I have attended my first academic conference; the Association of Internet Researchers Conference in Brisbane, Australia. The theme was "Trust in the System". It was hosted by the Queensland University of Technology (QUT) at their Gardens Point Campus. I have to say the campus is really nice, set next the Botanic Gardens and the amenities are first-rate.
It was an absolutely awesome experience and I certainly felt a fair bit of topic envy with some of the absolutely fascinating research being conducted by some brilliant minds. I met so many friendly and frankly almost scarily intelligent people. It was such a vibrant and positive experience being in a place with so many other academics who are plainly passionate about ethical, digital research. I heard speakers ranging from Microsoft, to University of Sheffield, with some U.S. universities and select Asian universities well represented.
A solid 8 hours of listening, processing and talking about some cutting edge research does take it out of you. At the end of those days I did just want to crash and rest. I generally just binge watch some trashy tv, read some science fiction/fantasy to decompress from the intensive days.
I think my highlight talk would be by Luke Stark from Microsoft who presented on the Ethics of Emotion in A.I., as well as the presentation on confessional data selfies by Brady Robards, Claire Moran and Ben Lyall from Monash.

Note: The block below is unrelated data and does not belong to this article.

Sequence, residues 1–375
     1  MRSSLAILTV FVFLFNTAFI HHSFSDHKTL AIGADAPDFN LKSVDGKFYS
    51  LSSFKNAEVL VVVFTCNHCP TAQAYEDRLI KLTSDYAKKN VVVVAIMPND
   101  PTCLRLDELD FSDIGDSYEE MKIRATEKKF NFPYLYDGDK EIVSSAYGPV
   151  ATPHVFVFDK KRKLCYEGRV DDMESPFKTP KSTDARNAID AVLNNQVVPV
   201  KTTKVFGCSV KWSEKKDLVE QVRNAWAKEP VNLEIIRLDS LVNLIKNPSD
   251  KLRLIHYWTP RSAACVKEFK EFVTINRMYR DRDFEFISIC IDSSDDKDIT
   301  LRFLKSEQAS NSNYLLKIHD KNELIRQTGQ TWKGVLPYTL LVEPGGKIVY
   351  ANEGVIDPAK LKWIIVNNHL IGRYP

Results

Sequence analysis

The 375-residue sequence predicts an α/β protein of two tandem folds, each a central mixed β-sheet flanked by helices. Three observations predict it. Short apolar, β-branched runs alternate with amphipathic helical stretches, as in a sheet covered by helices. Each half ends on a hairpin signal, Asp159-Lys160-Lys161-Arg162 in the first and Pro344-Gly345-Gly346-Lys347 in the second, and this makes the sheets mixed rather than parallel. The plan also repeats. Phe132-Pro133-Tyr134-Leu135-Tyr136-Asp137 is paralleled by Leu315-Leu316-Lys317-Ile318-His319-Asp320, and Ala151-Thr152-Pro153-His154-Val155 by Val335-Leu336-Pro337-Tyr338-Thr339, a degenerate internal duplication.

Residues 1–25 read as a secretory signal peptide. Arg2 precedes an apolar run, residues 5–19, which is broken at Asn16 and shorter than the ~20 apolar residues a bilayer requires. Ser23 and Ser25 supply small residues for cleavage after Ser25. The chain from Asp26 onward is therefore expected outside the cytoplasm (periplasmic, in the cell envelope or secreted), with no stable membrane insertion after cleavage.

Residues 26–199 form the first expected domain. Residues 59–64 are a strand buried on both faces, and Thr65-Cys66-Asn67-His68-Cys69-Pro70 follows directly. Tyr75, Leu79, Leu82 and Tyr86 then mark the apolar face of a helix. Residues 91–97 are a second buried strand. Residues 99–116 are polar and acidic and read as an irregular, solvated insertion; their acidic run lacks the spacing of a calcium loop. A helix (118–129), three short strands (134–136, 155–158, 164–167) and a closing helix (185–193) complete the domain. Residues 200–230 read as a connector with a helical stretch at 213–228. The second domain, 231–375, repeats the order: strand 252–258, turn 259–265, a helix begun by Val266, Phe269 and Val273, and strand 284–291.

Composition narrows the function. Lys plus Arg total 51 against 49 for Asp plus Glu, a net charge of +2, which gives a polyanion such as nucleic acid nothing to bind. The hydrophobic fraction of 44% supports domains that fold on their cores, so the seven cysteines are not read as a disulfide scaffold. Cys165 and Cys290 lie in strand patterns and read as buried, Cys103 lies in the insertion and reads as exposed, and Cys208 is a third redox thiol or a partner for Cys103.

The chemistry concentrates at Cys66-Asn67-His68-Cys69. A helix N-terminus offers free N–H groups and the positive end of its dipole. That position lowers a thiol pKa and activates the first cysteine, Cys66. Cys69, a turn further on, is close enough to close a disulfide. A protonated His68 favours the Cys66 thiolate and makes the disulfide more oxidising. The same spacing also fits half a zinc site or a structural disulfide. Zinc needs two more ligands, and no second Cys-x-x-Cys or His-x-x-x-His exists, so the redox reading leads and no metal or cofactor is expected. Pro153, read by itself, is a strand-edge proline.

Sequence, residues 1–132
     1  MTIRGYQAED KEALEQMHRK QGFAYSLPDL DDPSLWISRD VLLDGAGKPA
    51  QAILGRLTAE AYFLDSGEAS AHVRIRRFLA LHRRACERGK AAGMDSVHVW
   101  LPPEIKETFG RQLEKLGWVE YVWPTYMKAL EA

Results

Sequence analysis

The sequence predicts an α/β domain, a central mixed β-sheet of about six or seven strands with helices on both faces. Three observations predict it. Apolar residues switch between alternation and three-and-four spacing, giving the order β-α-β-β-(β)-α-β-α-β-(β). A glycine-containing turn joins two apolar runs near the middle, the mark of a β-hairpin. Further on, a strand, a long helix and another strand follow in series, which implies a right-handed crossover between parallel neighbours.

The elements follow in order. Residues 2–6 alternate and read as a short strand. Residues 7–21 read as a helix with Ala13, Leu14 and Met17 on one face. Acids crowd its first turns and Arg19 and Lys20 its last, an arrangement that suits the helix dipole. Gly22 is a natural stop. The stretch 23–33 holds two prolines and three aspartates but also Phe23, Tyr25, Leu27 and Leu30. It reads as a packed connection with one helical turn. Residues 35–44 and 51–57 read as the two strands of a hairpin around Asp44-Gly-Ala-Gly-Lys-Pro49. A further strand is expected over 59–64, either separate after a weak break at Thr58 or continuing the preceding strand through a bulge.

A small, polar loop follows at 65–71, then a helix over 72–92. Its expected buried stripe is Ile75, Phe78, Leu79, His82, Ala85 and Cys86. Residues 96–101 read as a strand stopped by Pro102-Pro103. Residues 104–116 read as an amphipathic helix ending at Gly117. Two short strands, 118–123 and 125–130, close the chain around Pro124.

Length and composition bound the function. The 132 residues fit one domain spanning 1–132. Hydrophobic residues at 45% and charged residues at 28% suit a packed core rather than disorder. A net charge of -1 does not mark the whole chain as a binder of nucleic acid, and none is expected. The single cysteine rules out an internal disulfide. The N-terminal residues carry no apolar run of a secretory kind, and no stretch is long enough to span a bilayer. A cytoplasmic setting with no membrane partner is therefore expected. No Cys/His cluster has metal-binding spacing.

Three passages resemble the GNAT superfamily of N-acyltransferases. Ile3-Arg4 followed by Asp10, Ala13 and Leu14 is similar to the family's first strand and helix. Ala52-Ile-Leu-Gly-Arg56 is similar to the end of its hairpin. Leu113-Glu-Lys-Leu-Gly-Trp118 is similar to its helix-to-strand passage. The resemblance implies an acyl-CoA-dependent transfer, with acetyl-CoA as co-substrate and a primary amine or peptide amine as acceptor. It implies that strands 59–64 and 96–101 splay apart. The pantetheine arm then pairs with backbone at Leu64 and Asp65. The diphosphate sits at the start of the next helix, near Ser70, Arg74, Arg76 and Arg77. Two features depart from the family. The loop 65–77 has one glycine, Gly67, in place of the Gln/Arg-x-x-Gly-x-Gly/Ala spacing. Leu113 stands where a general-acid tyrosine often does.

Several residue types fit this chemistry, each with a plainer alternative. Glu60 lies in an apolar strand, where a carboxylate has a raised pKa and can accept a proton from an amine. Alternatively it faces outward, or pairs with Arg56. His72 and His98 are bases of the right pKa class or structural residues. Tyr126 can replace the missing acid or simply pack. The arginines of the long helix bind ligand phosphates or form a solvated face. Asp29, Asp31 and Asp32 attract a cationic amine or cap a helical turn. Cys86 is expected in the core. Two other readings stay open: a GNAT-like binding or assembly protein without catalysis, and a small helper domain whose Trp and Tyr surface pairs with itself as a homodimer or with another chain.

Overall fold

Stark's presentation was super interesting and as we increasingly rely on machine learning, deep learning to power our mediated technologies, the ethics of quantifying emotion is an incredibly research topic. Recently, Amazon announced that their Alexa devices would be able to determine the emotional state of their users. Changing voice output and dialogue to accommodate and minimise frustration. The general problems with Amazon having access to vast troves of emotion data is a common one in todays data rich society. Though more worryingly making a device that is submissive to aggressive language has it's serious ethical implications to shaping human behaviour.
The confessional data selfies research by Robards, Moran an Lyall is definitely expanding what our notion of a selfie is, and truly as our ability to measure every aspect of our lives increases paired with our propensity to share means that the future may be full of confessional data selfies. This presentation also had some of the best slides at the conference (shout out Monash's Ben Lyall).
I generally don't do too well in big crowds and I do feel that attending an event like this with some friends and/or close colleagues would heighten my enjoyment. I did connect with some incredible people, that I am sure I will come across again over the next few years of my PhD journey.
I would certainly attend an AoIR conference again, so many topics that are of interest to me. I do genuinely feel the research topics that were presented over the course of this conference go to the very heart of our relationship with technology both good and bad. It was a thoroughly positive experience that definitely makes me excited for the next few years when I will be able to present at similar conferences.